XOS Puts HD Replay on College Football’s Radar

As the HD revolution continues to take over college football, XOS Technologies is taking the next step with HD instant replay. Already among the leaders in instant replay for college football, the XOS HD Replay system aims to sharpen officiating tools.

“Most of the [NCAA conferences] knew that this was coming,” says Bryan Bedford, director of business development for XOS. “Some of them were actually a part of conversations involving what [XOS HD Replay] needed to look like in the future.

XOS has provided standard-definition instant replay for Big 12 and PAC 10 football since 2005 and has also outfitted Conference USA and the Mid-American Conference with SD XOS Replay. The HD upgrade, however, is sure to attract small and large schools alike to XOS Replay.

“Every league in the country is talking about [HD Replay],” says Bedford. “I would say you will probably see all 11 conferences move to it within the next two to four years.”

When a questionable call occurs on the field, the review of the play will be sent up to the replay booth and XOS HD Replay. Depending on the conference, three or four officials — a replay official(s), a communicator, and a technician — have at their disposal two video monitors providing several different angles of each play. As each camera angle comes in (varying from a minimum of four to more than 20, depending on the game’s importance), the technician uses a touchscreen to create and label a thumbnail of each angle for the replay official to review. Then, the decision is made and radioed down to the official on the field.

“In designing the system, speed and maximum information were the two key things to make sure that the officials have what they need to get the play right,” says Mark Hudgins, GM of XOS facilities, design, and integration. “There’s someone watching each one of those 15-20 angles coming in, and he’s tagging those. We used touchscreen technology that basically shows a thumbnail at the beginning of each of those angles, so the official can just hit that thumbnail and the clip will begin.”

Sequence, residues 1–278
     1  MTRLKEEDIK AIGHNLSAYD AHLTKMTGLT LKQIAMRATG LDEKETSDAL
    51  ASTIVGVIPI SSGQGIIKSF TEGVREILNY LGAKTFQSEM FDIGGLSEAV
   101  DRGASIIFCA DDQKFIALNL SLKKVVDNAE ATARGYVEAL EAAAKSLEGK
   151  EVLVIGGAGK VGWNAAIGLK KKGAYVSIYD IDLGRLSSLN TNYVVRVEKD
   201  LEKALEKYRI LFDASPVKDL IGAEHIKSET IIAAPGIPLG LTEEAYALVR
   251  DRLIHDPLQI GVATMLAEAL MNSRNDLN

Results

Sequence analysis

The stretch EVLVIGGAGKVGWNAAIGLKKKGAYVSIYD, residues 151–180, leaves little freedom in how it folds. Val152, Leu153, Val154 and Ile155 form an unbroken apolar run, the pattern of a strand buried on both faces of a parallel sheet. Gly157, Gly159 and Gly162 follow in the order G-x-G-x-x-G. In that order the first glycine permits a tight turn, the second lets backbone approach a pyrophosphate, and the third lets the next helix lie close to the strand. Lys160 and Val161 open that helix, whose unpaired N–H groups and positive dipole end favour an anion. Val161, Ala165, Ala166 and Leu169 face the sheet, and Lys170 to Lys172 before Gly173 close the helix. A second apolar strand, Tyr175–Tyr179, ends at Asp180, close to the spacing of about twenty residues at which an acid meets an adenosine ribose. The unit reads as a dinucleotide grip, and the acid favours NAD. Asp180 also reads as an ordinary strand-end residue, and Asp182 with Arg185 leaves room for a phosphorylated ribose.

Each stadium with XOS HD Replay will also be outfitted with the fiber-optic infrastructure to support the system, thanks to XOS’s recent partnership with Bexel Broadcast Communication. This will provide not only the necessary means for HD replay but also the backbone for future HD projects.

“If you look at what Bexel did a couple years ago with the NFL — they integrated [instant-replay] infrastructure at 28 NFL stadiums in 22 days — that’s pretty incredible,” says Bedford. “When you start to tell that story to any conference, that gets their attention.”

XOS HD Replay can also feed the recorded video into a third-party content-delivery platform for future use. For example, a replay video can automatically be ingested into an asset-management system or digital video-editing platform for use in archives, highlight videos, coaching devices, etc.

While HD replay looks to be the wave of the future in college football, whether it will expand to other college sports is still up in the air. XOS currently provides SD replay for several college basketball and hockey conferences, but the demand is simply not there yet for HD replay to expand past college football and into other Division I sports.

“Over time, as HD video becomes more and more prevalent, there would be nothing that would prevent [HD replay in other sports] from happening … but many are just in the first year or two of exploring replay,” says Bedford. “Is that something we foresee in 2010 or 2011? No clue right now. We’ve got to get the market to demand [HD replay], and right now they’re not.”

However, Hudgins adds, “The good thing is, the core technology is there, so the difference in application of football, basketball, or hockey is a fairly minor modification. The core underlying technology is already developed and ready to go.”

Regardless of whether HD Replay expands to other sports, college football is ripe to move into the next generation of instant replay. Expect a much clearer view of that iffy toe-dragging touchdown catch in the very near future.